THE mother of an autistic child has hit out at Oxfordshire County Council after her son missed almost two years of education – and counting.

Oxford mum Rachel White said what has happened to her son is ‘unacceptable’.

She said her son Matthew White, 15, had a breakdown in December 2018 and locked himself in his room for three months, refusing to attend school, as he struggled with anxiety and depression.

It was decided that mainstream schooling was no longer a viable option for the then Cheney School pupil, and a special needs school placement was needed.

See also: Delayed vaccinations could lead to ‘possible child death’

Mrs White said: “Matthew went through Year 7 quite well but in Year 8, it became apparent that he wasn’t coping and that’s when he spent three months in his bedroom.

“He was given anti-depressants and had a psychiatrist. Cheney were fantastic though, we tried home tutoring, he would go in once a week and we took things slowly.

“We then decided as a team that Cheney couldn’t meet his needs even though the SEND team was fantastic. There was just no way he would cope in a mainstream school anymore.”

In December 2019, Mrs White set about the ‘long and drawn out, exceptionally complicated process’ of applying for an EHCP.

Witney Gazette:

An EHCP (Education, Health and Care Plan) is designed for children and young people aged up to 25 who need more support than is available through special educational needs support.

The plan identifies educational, health and social needs, and sets out the additional support to meet those needs.

An assessment for an EHCP is carried out by local authorities, in Mrs White’s case, the county council.

In May of this year, Mrs White said the final plan was sorted for the EHCP.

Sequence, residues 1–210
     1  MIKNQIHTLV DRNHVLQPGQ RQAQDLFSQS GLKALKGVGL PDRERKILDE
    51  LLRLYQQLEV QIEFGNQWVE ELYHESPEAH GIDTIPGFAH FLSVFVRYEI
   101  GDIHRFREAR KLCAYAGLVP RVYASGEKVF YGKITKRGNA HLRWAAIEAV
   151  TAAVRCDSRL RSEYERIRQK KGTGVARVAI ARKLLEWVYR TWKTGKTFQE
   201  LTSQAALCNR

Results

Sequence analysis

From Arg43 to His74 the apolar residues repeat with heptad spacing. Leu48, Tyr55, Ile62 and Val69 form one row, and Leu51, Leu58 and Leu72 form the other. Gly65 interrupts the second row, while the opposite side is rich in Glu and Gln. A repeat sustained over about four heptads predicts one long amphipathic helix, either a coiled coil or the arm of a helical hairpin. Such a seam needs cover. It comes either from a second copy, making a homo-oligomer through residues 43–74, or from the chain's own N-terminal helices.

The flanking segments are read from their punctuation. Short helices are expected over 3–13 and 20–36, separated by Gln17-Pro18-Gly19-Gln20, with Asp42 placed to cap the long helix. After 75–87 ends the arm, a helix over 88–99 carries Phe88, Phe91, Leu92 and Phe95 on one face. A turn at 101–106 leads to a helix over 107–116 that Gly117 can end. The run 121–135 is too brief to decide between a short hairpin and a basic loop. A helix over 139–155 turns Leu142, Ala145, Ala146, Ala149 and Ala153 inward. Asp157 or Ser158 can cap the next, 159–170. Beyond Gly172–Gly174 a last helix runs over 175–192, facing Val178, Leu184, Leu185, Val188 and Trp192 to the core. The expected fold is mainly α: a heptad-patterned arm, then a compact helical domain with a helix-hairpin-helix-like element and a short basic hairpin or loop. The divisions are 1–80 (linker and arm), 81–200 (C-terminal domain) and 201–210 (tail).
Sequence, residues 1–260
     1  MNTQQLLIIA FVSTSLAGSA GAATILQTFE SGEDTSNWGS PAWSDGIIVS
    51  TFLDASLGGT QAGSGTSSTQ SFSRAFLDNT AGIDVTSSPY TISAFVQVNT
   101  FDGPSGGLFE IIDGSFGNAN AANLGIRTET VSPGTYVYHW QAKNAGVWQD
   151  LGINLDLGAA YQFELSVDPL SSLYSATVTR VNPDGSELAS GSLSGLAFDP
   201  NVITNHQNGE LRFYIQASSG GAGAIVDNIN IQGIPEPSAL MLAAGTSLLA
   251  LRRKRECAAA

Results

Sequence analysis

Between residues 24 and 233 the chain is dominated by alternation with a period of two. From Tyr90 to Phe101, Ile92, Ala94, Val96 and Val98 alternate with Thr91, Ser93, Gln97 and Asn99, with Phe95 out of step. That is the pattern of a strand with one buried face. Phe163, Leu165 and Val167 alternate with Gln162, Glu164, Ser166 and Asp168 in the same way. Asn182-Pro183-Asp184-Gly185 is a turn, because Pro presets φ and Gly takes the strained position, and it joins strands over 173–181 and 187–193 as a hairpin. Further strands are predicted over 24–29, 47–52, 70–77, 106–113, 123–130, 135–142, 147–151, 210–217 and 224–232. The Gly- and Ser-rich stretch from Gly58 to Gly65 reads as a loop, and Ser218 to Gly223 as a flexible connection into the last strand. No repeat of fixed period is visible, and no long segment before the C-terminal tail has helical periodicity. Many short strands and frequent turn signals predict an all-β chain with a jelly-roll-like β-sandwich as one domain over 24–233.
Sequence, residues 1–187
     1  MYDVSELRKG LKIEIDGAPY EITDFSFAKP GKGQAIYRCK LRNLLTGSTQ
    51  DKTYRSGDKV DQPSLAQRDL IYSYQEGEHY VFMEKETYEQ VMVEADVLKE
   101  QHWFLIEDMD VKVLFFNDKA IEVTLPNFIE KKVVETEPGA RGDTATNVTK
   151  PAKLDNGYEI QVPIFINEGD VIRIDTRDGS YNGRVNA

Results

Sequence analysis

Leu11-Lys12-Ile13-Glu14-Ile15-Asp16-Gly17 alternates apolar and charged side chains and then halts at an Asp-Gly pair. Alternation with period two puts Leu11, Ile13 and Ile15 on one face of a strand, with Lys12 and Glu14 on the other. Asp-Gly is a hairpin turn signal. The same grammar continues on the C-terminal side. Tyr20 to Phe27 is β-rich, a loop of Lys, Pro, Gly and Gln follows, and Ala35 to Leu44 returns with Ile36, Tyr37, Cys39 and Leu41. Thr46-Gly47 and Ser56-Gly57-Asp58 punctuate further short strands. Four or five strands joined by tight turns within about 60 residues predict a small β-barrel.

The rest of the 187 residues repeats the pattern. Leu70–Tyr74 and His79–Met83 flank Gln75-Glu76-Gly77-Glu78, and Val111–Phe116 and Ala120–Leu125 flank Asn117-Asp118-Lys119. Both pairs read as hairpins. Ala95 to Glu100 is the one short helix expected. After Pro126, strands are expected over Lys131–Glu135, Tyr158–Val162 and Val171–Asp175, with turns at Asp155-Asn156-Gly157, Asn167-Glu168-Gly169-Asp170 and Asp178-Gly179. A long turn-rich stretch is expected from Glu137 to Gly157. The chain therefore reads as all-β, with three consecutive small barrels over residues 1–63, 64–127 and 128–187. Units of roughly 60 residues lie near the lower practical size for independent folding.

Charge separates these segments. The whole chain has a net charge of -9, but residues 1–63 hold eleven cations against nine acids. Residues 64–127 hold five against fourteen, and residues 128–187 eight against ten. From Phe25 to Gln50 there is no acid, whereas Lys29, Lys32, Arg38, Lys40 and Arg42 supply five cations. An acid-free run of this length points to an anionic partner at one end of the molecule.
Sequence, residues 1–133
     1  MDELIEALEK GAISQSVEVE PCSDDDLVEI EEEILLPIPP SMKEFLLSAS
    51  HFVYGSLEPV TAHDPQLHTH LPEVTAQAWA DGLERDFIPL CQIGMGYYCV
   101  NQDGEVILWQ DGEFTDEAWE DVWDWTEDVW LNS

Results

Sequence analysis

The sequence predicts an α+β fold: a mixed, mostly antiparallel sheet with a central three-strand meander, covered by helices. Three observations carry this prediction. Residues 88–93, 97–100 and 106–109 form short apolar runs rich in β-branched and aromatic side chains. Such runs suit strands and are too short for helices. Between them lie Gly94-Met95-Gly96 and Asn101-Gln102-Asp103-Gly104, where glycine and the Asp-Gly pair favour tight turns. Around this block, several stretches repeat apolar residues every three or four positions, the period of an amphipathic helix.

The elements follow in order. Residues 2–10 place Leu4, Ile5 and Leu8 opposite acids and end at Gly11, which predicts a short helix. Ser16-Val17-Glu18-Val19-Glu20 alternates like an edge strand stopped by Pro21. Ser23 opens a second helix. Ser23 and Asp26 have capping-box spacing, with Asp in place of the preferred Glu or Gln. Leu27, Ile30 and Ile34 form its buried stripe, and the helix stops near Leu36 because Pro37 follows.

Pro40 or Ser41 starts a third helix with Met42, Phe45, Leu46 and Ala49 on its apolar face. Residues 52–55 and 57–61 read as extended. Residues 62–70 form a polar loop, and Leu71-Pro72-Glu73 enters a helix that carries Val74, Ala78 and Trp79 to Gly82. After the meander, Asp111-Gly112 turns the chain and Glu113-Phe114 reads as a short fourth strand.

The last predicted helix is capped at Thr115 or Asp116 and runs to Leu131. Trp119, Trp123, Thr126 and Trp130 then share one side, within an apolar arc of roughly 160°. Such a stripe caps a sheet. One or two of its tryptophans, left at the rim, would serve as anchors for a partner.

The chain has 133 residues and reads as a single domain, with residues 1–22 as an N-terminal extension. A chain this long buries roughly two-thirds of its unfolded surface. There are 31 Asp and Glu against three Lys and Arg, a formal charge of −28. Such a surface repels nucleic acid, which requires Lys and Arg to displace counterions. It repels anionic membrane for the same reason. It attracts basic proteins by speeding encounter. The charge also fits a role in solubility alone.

Read more: Debut novel predicted pandemic and events of 2020

Mrs White, who cut her hours at work to be with Matthew said that when she got the EHCP in May, she thought progress was being made.

However, she said she then failed to hear from the council for four months.

“The next time we heard anything from the local authority was in September but by this point Matthew had spent two years at home without full-time education.

“At the end of the day, children his age are doing their GCSEs, while Matthew was just sat at home.

“I emailed the SEND officer so many times, telephoned them many times too and for four months, had no communication from them whatsoever.

See more: New home nightmare as family house starts to fall apart

“Eventually a council officer got back to me after I’d put in a complaint, it’s horrendous for a parent to go through.

“There’s lots of children in the same situation as Matthew yet every child has a legal right to have 30 hours of education a week.

“He’s not the only one they’ve failed, it’s a parent’s worst nightmare.

“It’s a long and drawn out process but it’s unacceptable how it’s been dealt with.

Read more: Community helps beloved animal sanctuary to reopen

“Schools were shut by the pandemic and unfortunately children lost out on education for six months, my son has lost out for two years and will probably never be able to catch up.

“We’re now going to see whether he can be placed in a special needs school in Oxford or Oxfordshire.”

A spokesperson for Oxfordshire County Council said: “Oxfordshire County Council is currently proceeding at pace with the process of placement for a number of young people.

“The issue of insufficient specialist placements is not unique to Oxfordshire.

“It is common across the country with a rise in demand for assessments and Education, Health and Care Plans. We are working hard to resolve this situation.”